Chapter XII (pages 138-144), “Superstitious Ethics”
Russell contrasts his view, that “the rightness or wrongness of an act depends upon its probable consequences [p. 138],” with the more prevalent and more influential superstitious ethics. The strictures that arise from superstition or supposed divine decree, such as rules against fornication, homosexual activities, and the eating of certain foods, are not only widely believed but often enshrined in law. An employer who overworks his employees in terrible conditions can be admired, but if he is discovered to have had sex with one of them, he is condemned. “Indeed, a cynic might be tempted to think that one of the attractions of a traditional code is the opportunities which it affords for thinking ill of other people and for thwarting what should be innocent desires [p. 139].” Russell singles out the ban on euthanasia – a ban he had previously attacked in Unpopular Essays -- as one current rule that is based on superstitious ethics. Those opposed to euthanasia on the grounds that it involves playing god do not seem similarly opposed to capital punishment and war. “The traditional moral code stands out stark and cruel and immovable against the claims of kindly feeling [p. 141].” The fact that those who hold traditional morals tend to be single-issue voters who will turn against anyone advancing a liberalized view – while supporters of liberalization are not so narrowly focused – tends to buttress the political forces against progressive reforms. Russell notes his own public pummeling and the loss of his City College post stemming from the views he expressed in Marriage and Morals.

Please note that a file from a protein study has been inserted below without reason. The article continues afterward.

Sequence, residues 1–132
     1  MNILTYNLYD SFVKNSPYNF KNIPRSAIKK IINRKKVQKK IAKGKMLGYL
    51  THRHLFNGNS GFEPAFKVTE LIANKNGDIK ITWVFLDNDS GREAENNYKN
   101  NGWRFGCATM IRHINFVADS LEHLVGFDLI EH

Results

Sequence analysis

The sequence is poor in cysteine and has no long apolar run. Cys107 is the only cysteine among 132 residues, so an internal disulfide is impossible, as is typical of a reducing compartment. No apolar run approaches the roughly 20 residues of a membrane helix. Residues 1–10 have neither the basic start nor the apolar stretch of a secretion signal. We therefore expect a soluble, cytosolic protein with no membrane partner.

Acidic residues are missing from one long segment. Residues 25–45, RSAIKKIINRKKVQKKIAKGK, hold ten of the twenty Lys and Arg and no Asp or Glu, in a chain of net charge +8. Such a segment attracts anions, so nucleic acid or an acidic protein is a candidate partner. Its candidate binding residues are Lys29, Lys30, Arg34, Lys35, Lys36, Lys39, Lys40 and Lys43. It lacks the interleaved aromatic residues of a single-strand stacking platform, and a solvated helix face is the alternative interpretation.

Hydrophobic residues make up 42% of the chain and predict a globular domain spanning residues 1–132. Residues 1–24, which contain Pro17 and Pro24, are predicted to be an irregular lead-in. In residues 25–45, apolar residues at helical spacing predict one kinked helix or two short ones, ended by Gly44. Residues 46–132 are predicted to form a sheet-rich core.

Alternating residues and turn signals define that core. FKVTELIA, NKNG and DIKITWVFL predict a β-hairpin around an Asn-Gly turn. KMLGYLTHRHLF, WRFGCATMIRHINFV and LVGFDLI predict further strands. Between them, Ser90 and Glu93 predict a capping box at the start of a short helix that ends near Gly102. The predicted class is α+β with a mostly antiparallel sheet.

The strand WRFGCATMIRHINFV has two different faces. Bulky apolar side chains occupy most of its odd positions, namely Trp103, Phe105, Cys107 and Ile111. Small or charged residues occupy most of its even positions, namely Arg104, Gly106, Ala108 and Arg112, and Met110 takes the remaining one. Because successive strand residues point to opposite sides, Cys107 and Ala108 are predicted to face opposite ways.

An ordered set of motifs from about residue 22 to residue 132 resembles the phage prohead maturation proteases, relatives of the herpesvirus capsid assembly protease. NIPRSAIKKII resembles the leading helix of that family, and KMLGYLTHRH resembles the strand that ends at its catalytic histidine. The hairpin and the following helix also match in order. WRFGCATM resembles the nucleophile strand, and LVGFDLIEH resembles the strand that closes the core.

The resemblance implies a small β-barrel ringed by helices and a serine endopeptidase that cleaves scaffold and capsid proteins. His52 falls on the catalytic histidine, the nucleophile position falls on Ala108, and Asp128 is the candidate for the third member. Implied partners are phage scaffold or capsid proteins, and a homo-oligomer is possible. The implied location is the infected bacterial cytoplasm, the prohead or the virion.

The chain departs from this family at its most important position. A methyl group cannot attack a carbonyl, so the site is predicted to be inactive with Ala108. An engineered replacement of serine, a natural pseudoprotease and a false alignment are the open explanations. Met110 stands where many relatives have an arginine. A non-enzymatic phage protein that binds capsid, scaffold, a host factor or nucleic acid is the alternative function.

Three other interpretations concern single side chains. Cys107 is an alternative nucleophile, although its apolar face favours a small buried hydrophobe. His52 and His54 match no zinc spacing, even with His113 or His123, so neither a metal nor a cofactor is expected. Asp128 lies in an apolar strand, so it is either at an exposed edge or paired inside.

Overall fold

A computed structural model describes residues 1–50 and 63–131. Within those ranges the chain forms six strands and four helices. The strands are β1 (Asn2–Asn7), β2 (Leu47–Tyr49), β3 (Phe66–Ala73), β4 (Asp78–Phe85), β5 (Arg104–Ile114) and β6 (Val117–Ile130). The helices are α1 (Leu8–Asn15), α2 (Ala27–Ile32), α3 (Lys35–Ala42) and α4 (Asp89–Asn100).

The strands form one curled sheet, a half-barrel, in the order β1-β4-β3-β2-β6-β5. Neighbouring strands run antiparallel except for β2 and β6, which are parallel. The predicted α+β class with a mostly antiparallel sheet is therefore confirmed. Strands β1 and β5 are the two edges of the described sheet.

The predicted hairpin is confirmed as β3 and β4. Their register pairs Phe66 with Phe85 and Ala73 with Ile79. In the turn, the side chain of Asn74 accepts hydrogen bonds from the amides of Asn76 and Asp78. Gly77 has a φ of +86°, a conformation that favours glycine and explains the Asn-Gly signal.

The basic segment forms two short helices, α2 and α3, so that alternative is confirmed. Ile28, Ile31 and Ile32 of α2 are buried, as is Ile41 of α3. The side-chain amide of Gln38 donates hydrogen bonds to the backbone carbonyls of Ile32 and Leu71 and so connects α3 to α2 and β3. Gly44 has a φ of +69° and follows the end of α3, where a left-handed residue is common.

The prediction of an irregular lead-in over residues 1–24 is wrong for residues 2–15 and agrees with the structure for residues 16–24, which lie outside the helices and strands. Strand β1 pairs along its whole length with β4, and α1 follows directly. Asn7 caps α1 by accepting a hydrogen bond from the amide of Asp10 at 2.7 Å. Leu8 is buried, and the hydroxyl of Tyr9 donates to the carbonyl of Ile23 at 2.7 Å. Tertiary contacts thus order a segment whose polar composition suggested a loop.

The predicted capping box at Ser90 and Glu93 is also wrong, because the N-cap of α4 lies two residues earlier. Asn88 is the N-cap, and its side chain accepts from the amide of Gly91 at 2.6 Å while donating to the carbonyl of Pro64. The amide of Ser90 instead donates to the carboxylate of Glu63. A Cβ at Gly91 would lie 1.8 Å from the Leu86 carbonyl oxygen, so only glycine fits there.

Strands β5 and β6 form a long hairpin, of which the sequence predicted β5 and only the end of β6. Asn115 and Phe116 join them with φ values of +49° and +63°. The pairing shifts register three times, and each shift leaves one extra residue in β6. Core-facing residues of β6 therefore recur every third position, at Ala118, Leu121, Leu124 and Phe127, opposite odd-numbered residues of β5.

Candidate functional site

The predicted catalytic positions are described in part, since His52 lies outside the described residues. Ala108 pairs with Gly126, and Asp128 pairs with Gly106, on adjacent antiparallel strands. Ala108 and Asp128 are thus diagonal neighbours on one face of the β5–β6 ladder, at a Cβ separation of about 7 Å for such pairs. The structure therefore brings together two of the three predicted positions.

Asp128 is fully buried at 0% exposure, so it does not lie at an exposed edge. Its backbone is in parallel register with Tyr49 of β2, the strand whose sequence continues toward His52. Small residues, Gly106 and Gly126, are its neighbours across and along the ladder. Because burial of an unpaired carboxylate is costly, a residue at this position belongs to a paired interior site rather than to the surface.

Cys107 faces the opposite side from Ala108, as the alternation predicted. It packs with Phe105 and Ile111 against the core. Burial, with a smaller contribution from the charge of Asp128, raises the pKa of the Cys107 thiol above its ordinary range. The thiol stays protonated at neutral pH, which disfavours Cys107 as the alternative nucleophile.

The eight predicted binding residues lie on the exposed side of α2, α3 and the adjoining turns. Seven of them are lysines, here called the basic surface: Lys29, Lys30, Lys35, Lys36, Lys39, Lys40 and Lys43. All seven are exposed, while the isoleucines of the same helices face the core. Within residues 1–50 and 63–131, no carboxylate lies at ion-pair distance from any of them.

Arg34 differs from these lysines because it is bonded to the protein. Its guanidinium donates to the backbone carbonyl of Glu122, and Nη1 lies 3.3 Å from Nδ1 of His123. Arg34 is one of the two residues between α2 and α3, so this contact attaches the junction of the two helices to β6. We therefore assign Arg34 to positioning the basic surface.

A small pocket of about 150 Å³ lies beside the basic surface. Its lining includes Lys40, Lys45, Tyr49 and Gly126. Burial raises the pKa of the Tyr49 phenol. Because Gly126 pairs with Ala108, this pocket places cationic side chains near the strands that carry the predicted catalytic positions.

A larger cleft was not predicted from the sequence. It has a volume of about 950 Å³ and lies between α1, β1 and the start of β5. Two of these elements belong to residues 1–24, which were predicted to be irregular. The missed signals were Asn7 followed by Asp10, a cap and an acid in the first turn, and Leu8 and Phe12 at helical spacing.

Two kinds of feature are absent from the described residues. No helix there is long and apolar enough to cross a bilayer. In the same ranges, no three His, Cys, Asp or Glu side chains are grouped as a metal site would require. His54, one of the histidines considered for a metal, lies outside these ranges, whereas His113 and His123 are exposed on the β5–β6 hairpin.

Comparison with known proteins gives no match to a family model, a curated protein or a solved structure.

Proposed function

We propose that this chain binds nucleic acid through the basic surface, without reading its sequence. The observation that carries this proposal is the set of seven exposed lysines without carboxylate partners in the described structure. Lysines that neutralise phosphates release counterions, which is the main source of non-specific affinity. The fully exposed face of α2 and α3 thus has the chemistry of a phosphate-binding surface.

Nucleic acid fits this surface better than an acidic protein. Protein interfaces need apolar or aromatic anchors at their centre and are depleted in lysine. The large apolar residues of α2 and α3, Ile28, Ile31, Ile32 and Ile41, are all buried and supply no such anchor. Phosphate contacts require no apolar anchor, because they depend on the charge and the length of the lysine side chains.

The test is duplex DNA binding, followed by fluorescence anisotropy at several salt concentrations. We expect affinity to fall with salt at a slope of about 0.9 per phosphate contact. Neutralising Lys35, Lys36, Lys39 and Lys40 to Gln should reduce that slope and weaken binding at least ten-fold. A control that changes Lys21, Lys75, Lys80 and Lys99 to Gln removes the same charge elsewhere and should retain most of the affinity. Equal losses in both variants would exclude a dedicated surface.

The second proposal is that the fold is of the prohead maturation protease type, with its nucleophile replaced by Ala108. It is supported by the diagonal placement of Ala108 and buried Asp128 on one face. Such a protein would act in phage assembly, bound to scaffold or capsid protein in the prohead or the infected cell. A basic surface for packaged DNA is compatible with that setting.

While laws against adultery and homosexuality continue to be quite harsh, some might take solace in the fact that such laws generally are not enforced. Nevertheless, such laws should be changed. They bring the law in general into disrepute, and they are employed selectively to castigate or blackmail wayward spouses or political opponents. Offering official imprimatur to ethical views that are not held by most people is not costless.
Ethical rules against homosexuality or birth control derive from religious principles that were promulgated in a much crueler world. “Affection towards intimates and kindly feeling towards the world at large are the sentiments most likely to lead to right conduct [pages 142-3].” A belief in the wickedness of sinners makes punishment for sin seem like a benefit, whereas necessary punishment should be seen as an unavoidable evil. Further, a belief in sin underlies and seemingly justifies most of the group hatreds that afflict our planet, and it is these collective animosities that put the future of mankind at risk. Superstitious ethics often spring from the worser angels of our nature, and those disreputable sources should be a signal that we might want to re-examine such ethics. Moral rules worth accepting are those that promote overall happiness, as opposed to rules that please us by harming those whom we hold in low regard.